With three weeks left to go in the Texas Republican primary, libertarian-leaning outsider Debra Medina has gained surprising ground in the polls and is building popular support as an alternative to the too-familiar faces of Governor Rick Perry and Senator Kay Bailey Hutchison in the race for governor. The latest poll from usually reliable Public Policy Polling surprised even Medina's supporters when it showed that she has risen from single digits to 24%, only five points behind moderate challenger Hutchison, though still far back from incumbent Perry's 39%.
Much of the credit for this sudden increase in popularity has to be attributed to the two Republican debates in which Medina's honest and straightforward answers seemed much more appealing than the posturing and platitudes of the other two candidates. With her background as a close ally of paleoconservative Republican Congressman Ron Paul and head of the Texas Campaign for Liberty, Medina has an even stronger appeal to conservatives and actually polled a point ahead of Hutchison among conservatives likely to vote in the Republican primary.
Medina has come on very strong in the last few weeks and seems to have building momentum. Only a week ago Rasmussen had her at 16% and a few weeks before that most polls had her under 10%. A recent online fundraiser brought in almost $50,000 in only eight hours. Even the mainstream media is taking notice both in Texas and nationwide.
One result of this was that Medina was invited to be on the Glenn Beck radio show this morning for an appearance which turned out to be more like an ambush than an interview. Beck surprised her by asking if she is a 9/11 "truther" suggesting that she subscribes to conspiracy theories about the 9/11 attacks. Medina was clearly not prepared for the question, despite the fact that she should have expected it based on Ron Paul's frequent association with the conspiracy fringe. She should have come out with a clear and unequivocal "no", but she was flustered and said "I think some very good questions have been raised in that regard. There are some very good arguments, and I think the American people have not seen all of the evidence there. So I have not taken a position on that."
Not a strong response and certainly not one which will endear her to mainstream Republican voters. After the interview Beck commented favorably about Governor Perry in comparison and suggested that the answer would send Medina's popularity back to four percent. Some Texas pundits are speculating that Beck has a prior relationship with Perry and that the entire interview was engineered by the Perry campaign to embarrass Medina and stop her surge. Medina issued a clear and unequivocal statement that she was not in any way a "truther" on her website, but that may be closing the barn door after the horses have escaped.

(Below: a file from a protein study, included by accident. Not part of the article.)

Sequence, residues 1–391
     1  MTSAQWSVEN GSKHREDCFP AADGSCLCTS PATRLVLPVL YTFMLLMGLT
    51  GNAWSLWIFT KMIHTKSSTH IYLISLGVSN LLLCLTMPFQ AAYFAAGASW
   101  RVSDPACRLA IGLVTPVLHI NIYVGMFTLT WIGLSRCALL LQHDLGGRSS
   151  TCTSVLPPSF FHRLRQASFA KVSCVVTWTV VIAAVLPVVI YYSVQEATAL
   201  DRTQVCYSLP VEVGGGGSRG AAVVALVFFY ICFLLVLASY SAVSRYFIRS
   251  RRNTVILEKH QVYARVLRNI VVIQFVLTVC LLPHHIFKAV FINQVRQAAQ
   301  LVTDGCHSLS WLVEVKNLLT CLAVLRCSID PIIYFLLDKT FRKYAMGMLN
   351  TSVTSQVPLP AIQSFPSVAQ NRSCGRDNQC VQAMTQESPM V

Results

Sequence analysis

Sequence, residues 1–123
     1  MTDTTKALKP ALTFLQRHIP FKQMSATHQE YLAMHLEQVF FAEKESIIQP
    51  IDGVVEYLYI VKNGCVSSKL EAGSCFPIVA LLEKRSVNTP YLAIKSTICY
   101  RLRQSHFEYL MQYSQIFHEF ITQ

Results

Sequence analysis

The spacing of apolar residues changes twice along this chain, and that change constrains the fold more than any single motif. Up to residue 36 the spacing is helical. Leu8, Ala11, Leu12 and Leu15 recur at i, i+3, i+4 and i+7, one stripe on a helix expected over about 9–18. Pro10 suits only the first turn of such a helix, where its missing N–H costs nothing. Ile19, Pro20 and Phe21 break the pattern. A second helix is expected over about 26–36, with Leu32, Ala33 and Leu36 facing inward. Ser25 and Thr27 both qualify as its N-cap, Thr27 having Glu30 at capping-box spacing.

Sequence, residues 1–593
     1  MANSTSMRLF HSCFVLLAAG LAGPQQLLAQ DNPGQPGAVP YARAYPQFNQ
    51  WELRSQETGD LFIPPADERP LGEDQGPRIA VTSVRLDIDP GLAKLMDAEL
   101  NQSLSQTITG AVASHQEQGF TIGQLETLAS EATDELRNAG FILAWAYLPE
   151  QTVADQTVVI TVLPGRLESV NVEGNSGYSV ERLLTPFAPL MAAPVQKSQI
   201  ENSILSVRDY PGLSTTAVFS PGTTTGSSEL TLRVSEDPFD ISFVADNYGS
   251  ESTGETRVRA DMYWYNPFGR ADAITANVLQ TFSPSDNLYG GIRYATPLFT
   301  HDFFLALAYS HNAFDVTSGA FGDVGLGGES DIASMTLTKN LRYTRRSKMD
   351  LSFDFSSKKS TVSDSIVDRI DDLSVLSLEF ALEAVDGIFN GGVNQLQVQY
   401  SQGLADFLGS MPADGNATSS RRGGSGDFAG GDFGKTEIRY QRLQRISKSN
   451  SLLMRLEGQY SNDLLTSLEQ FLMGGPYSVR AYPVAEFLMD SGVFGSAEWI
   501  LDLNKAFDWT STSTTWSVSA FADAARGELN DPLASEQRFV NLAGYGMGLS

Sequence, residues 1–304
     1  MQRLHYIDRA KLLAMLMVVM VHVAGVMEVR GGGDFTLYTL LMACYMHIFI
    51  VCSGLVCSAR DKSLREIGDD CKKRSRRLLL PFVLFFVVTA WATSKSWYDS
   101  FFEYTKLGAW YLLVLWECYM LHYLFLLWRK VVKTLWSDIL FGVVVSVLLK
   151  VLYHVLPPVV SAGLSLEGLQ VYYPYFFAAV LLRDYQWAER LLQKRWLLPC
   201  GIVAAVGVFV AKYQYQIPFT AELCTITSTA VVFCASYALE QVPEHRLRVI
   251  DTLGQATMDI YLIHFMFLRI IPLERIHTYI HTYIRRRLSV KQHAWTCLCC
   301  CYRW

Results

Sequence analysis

If this small stumble doesn't slow her down and Medina can continue to build support, perhaps by using some of her recently acquired campaign funds to challenge Perry and Hutchison in their massive TV and radio advertising campaigns. She also has a very enthusiastic core following similar to the hardcore Ron Paul partisans from 2008. She's also pulling the majority of the Tea Party voters in the state and they will play a big role. If turnout is low, her strongest partisans will show up in force with a devotion which voters for the other candidates don't have. That kind of edge can make a huge difference.
All she needs is a few more points and she could become the beneficiary of Texas' run-off system. If she beats Hutchison and Perry stays under 50% – as seems inevitable – she will end up in a run-off election with Perry. Polling suggests that she is drawing votes mostly from Perry and also that many of the Hutchison votes are anti-Perry votes. It's possible that if she could make it to a run-off she would gain enough Hutchinson votes to beat Perry. It would take winning over about 70% of Hutchison's support, but it's possible and it would certainly be one of the great upsets in Texas political history.
For those not familiar with Texas politics, the Republican gubernatorial primary has extra significance, because despite their earnest efforts, the chances of either of the Democrat challengers (Bill White and Farouk Shalmi) coming within waving distance of any Republican nominee in the general election is slim to none. It's still looking like Rick Perry's race to lose, but he's held the office longer than any governor in the history of the state and people are tired of him. Medina is a fresh face and a real alternative, qualities which Hutchison can't match.